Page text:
Deutsche Telekom CEO Tim Höttges made headlines this week when he admitted that he wished he hadn't bought into BT.

Mary Lennighan

March 1, 2023

4 Min Read
Deutsche Telekom

Deutsche Telekom CEO Tim Höttges made headlines this week when he admitted that he wished he hadn’t bought into BT.

That in itself is noteworthy. But it’s even more interesting when you consider that his comments were published as e& once again increased its stake in Vodafone – another UK telco with a depressed share price.

Höttges told the Financial Times that taking a 12 percent stake in BT back in 2015 was his biggest ever mistake and indicated that he wants his money back…and naturally the news spread like wildfire.

Deutsche Telekom picked up its BT shares as part of the UK’s incumbent’s £12.5 billion acquisition of mobile operator EE. While EE’s other parent company Orange elected to take a 4 percent stake in BT and the rest in cash, Deutsche Telekom was pretty excited to become the largest single shareholder of the UK’s major integrated fixed and mobile player, seeing potential for the two companies to work together.

That never really materialised, and BT has lost a lot of its value since then; it is currently trading at just over £1.40, around a third of its February 2015 price. Hence Höttges’ consternation.

But that diminished share price now presents the German telco with an opportunity to recover its lost investment. As Höttges told the FT, BT is the cheapest telco on the market and has significant potential to increase its value. That means Deutsche Telekom could look to increase its stake further  and wait for the shares to recover, he said.

He also indicated that another option could be to partner with another big shareholder, but didn’t give any further information on what such a partnership would look like, or what it would hope to achieve.

It’s worth noting though that Deutsche Telekom is no longer BT’s top shareholder, that position having been taken by Altice, which – also keen to take advantage of BT’s price weakness – picked up a 12.1 stake in the operator in mid-2021 and raised it to 18 percent later in the year. That deal gave rise to a flurry of speculation that the company, owned by businessman Patrick Drahi, would at some point launch a takeover bid. There was also talk of Altice picking up Deutsche Telekom’s stake, a move that would have triggered a mandatory takeover offer.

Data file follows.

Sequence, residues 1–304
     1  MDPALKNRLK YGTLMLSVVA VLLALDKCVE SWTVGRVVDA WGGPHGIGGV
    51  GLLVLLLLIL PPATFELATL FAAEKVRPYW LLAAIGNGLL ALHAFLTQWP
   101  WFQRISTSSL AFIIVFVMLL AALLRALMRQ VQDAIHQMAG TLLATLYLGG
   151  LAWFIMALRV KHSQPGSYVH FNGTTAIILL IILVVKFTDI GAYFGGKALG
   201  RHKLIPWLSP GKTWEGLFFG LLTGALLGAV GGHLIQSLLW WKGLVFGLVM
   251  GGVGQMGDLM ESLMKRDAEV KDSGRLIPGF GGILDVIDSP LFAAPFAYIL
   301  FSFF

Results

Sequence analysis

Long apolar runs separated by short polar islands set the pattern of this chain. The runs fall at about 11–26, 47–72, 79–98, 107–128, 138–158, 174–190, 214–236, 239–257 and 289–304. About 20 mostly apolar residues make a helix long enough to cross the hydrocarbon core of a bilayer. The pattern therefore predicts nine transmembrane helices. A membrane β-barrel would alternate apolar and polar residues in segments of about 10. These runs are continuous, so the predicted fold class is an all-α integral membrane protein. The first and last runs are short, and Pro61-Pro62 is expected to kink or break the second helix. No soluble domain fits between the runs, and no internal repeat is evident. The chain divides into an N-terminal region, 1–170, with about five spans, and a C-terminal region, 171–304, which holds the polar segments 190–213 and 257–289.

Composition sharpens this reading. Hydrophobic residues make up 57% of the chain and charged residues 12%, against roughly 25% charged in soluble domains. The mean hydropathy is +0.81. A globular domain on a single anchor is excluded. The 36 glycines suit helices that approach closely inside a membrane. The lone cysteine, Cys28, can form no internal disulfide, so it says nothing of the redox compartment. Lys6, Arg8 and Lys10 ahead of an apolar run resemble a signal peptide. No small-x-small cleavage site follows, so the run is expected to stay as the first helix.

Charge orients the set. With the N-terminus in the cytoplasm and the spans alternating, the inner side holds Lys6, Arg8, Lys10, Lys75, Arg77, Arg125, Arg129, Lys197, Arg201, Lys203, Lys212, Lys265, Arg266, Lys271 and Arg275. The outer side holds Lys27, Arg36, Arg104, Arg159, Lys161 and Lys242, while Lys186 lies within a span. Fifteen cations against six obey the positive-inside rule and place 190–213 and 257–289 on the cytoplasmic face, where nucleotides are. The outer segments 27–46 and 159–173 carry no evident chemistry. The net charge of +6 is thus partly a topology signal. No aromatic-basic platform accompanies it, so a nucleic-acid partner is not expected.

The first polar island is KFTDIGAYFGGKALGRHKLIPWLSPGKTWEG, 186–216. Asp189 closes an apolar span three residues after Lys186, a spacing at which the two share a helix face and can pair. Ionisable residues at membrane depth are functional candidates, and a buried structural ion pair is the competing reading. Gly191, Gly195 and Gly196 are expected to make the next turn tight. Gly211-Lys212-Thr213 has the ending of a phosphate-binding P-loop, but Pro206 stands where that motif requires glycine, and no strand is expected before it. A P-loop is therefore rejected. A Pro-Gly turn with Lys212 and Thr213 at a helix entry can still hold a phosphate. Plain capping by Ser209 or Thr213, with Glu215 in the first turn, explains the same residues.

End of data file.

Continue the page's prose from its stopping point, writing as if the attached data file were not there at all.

Höttges played his cards fairly close to his chest at the time, as he is doing now, but in September 2021 was quoted as saying that “something” would happen with Deutsche Telekom’s BT stake within 12 months. Clearly that something never materialised.

Thus it is with a level of caution that we approach the exec’s latest comments on the matter. He seems determined to “get that money back,” as he told the FT. “There will be a time when we will do a deal,” he said. But this time gave no indicative timeframe.

Much will likely depend on BT’s share performance in the coming months, or even years.

Deutsche Telekom has doubtless got half an eye on the situation at Vodafone, which is attracting bargain hunter investors as a result of its own share price being in the doldrums.

The most noteworthy is United Arab Emirates-based operator group e&, which this week added a further 1 percent to its holding in Vodafone, taking it to 14 percent. The telco started buying into Vodafone when it took a 9.8 percent stake in May last year for US$4.4 billion, and has increased its holding a number of times since, in fairly small increments. It has made the right noises about the possibility of commercial partnerships and joint R&D, but has also made no secret of the fact it is buying in at an attractive valuation and has “a clear opportunity to realise future value through potential capital gains and dividends.”

E&’s latest move comes just a fortnight after Liberty Global also took a punt on Vodafone, buying 4.92 percent for an undisclosed sum, clearly with a similar investment rationale. “We believe, like many others, that Vodafone’s current share price does not reflect the underlying long-term value of their operating businesses, or their announced consolidation and infrastructure opportunities,” said Mike Fries, CEO of Liberty Global, at the time.

Tim Höttges is certainly not the only one watching the share price of the UK’s legacy telcos right now.

 

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About the Author(s)

Mary Lennighan

Mary has been following developments in the telecoms industry for more than 20 years. She is currently a freelance journalist, having stepped down as editor of Total Telecom in late 2017; her career history also includes three years at CIT Publications (now part of Telegeography) and a stint at Reuters. Mary's key area of focus is on the business of telecoms, looking at operator strategy and financial performance, as well as regulatory developments, spectrum allocation and the like. She holds a Bachelor's degree in modern languages and an MA in Italian language and literature.

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